Philip Webb’s drawing instruments. Accepted by HM Government in lieu of inheritance tax and allocated to the National Trust for display at Red House, 2014. ©National Trust/Sophia Schorr-Kon

The Pre-Raphaelite Brotherhood, begun in 1848 had been disbanded by 1856, but, “a wider circle of painters, centred round Rosetti, had espoused its ideal of portraying people and events in the colours and attitudes of real life instead of the formal conventionalised postures and arrangements, with colour subordinated to drawing, demanded by the royal academy.” (Kirk, 2005, p15)

Webb was, by all accounts, a lovely man. He was immensely kind, honest, and was hugely supportive of his friends successes. When someone was worse off than him, he made a point to help them out even if he didn’t have it himself, he was known for giving money as ‘gifts’ not loans, so only if someone came into good fortune were they to repay him. When Morris set up the Kelmscott Press in 1891, Morris insisted on giving Webb a copy of every book he published, so Webb bought a copy of every book published to lend to friends so Morris wouldn’t financially suffer from his generosity. Sydney Carlyle Cockerell, the secretary of Morris’ Kelmscott Press from 1891-1896 recalled Morris referred to Webb as, “the best man that he had ever known.” (Kirk, 2005, p16.)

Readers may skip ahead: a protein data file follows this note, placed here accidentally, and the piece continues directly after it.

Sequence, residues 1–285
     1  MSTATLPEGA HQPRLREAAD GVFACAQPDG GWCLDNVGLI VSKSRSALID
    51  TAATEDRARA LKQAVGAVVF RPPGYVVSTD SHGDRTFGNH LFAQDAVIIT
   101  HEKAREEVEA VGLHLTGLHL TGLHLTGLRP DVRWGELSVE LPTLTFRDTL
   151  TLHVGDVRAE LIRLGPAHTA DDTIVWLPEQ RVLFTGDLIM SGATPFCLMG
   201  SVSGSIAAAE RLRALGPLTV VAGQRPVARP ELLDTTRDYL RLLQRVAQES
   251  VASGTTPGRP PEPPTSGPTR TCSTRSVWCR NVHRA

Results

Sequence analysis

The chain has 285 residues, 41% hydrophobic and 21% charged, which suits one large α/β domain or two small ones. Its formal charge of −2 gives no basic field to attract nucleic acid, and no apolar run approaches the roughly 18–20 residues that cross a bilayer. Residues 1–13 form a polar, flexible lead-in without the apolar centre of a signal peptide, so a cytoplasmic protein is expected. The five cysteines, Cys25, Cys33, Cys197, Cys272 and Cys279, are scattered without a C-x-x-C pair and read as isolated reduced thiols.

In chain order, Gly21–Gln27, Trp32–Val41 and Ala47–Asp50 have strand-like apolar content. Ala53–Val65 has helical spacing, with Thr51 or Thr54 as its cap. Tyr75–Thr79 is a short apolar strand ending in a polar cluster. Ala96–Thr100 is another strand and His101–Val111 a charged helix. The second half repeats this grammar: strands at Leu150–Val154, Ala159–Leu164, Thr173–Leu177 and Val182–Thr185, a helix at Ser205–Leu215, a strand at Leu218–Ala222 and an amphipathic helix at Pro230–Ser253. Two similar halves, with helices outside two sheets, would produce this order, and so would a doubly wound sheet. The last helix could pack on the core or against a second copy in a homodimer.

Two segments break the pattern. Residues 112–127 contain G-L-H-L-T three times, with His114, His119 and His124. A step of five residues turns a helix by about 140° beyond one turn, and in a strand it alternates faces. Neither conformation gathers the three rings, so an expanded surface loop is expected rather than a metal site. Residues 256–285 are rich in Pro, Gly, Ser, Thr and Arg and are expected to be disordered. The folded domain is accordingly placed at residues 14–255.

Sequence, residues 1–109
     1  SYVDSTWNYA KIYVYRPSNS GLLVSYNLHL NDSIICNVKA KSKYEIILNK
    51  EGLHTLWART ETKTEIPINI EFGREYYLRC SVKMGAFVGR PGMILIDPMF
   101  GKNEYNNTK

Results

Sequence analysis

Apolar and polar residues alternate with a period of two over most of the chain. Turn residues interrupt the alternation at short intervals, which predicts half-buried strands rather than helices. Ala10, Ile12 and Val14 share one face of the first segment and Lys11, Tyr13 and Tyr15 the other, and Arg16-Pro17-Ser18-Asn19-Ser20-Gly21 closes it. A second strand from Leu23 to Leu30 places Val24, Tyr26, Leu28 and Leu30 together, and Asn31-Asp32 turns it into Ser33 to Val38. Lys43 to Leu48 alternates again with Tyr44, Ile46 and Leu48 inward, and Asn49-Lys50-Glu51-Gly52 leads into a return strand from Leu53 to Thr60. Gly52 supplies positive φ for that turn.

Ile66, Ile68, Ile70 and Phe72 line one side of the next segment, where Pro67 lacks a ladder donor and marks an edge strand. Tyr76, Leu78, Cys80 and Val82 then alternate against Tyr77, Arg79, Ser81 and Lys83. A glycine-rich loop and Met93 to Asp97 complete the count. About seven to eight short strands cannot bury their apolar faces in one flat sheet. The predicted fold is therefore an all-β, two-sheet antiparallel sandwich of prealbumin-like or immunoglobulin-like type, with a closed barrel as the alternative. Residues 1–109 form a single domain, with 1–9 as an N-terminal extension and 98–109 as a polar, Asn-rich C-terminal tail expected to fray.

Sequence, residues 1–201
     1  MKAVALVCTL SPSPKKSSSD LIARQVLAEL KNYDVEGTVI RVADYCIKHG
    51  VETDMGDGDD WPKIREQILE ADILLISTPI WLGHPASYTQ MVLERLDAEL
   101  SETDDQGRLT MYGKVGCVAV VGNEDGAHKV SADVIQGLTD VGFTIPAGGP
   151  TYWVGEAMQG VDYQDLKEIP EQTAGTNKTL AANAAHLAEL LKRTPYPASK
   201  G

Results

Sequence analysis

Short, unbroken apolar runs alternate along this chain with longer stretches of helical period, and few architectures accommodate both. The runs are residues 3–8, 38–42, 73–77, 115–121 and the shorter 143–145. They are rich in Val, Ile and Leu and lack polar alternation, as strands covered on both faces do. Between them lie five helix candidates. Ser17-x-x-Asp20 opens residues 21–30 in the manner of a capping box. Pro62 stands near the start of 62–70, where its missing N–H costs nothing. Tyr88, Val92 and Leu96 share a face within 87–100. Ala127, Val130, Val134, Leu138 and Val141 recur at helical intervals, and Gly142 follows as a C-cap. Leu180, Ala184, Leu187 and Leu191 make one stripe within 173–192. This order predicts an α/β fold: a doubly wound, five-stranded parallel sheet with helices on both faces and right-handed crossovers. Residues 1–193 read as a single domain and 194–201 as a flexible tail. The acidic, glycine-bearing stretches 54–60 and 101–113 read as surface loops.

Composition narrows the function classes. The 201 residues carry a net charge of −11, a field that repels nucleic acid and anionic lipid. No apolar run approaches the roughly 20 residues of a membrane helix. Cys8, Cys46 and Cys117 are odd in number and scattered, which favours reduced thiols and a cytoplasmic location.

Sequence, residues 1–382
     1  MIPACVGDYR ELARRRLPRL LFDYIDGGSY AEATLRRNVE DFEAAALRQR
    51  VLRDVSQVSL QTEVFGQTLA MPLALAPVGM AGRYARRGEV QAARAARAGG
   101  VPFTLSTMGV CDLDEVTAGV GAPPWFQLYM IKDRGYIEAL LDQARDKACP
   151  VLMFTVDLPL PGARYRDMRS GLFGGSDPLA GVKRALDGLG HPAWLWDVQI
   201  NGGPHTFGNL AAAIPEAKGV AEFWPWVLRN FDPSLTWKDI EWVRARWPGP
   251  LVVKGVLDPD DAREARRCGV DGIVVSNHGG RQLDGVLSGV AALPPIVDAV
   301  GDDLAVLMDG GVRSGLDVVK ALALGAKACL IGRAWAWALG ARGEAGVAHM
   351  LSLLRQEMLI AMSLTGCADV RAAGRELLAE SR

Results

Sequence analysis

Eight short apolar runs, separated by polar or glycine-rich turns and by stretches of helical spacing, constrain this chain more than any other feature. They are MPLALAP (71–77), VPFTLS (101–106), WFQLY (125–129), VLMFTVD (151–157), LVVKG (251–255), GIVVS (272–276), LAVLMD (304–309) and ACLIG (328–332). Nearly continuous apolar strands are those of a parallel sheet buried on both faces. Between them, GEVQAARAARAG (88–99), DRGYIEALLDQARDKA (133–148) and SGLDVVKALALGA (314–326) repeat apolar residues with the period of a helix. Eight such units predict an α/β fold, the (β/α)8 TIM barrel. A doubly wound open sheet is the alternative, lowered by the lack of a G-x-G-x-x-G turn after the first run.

After Morris met and married Jane Burden, Burne-Jones engaged to Georgiana Macdonald and Rossetti to Elizabeth Siddall, Morris decided to build a house in the country to realise his and Burne-Jones’ dream of a monastic establishment, calling themselves the brotherhood. This had to be revised once the men married, and the dream would be realised on a part time basis. This house remains today as Red House, which we will focus on in our next blog, and is now a beautiful National Trust property which we would highly recommend visiting.


Webb met Faulkner when they were both painting the Debating Hall, and in 1858 Faulkner, Webb and Morris took a trip to Paris, which has become a famous holiday as the three were heavily inspired whilst in France, Webb returned to England with not only an intensive knowledge of British buildings, but now also an awareness of French churches, castles and townhouses. Taking a month to complete, the three rowed from Paris to Caudebec, the boat arrived with a hole in it from Oxford, to Morris’ fury. “They hoisted sail in favourable winds, slept at inns, and stopped to explore towns and make short excursions. It was an unusual and adventurous holiday, involving not only he studying of medieval architecture but also hilarious battles with soda-water syphons, a leaking boat, being stranded in a lock because Morris had angered the lock-keeper, and a narrow escape from being shipwrecked by the tidal bore.” (Kirk, 2005, p.19)

Our next blog picks up the story after the friends return from their trip!